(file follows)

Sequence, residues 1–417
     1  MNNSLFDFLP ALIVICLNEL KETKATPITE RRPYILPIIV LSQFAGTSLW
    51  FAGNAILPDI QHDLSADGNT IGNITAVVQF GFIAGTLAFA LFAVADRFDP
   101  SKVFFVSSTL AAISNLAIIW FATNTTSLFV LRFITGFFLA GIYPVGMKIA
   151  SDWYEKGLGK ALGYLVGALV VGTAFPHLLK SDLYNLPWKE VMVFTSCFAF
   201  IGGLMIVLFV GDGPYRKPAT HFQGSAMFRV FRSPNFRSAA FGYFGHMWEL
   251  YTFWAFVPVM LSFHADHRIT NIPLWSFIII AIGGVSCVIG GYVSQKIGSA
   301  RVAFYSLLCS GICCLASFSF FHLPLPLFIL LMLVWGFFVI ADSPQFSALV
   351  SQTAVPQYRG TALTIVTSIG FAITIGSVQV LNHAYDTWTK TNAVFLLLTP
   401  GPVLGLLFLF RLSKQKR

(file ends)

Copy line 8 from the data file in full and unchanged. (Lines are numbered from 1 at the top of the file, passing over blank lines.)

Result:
   301  RVAFYSLLCS GICCLASFSF FHLPLPLFIL LMLVWGFFVI ADSPQFSALV